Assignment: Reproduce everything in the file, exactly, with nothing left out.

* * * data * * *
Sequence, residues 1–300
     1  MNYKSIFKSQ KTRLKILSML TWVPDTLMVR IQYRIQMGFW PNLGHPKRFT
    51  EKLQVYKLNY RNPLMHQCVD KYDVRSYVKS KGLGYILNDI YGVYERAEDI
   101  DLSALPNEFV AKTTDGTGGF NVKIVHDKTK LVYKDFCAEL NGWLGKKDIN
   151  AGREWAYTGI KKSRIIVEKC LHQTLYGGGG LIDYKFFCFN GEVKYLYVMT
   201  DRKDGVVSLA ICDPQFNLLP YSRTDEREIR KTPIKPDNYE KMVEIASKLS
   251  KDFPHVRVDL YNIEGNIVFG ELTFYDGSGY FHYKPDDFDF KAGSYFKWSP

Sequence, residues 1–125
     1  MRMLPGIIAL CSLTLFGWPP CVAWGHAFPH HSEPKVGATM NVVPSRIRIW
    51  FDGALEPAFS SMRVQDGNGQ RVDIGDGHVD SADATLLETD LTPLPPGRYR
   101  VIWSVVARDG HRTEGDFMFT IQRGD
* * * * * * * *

Sequence, residues 1–300
     1  MNYKSIFKSQ KTRLKILSML TWVPDTLMVR IQYRIQMGFW PNLGHPKRFT
    51  EKLQVYKLNY RNPLMHQCVD KYDVRSYVKS KGLGYILNDI YGVYERAEDI
   101  DLSALPNEFV AKTTDGTGGF NVKIVHDKTK LVYKDFCAEL NGWLGKKDIN
   151  AGREWAYTGI KKSRIIVEKC LHQTLYGGGG LIDYKFFCFN GEVKYLYVMT
   201  DRKDGVVSLA ICDPQFNLLP YSRTDEREIR KTPIKPDNYE KMVEIASKLS
   251  KDFPHVRVDL YNIEGNIVFG ELTFYDGSGY FHYKPDDFDF KAGSYFKWSP

Sequence, residues 1–125
     1  MRMLPGIIAL CSLTLFGWPP CVAWGHAFPH HSEPKVGATM NVVPSRIRIW
    51  FDGALEPAFS SMRVQDGNGQ RVDIGDGHVD SADATLLETD LTPLPPGRYR
   101  VIWSVVARDG HRTEGDFMFT IQRGD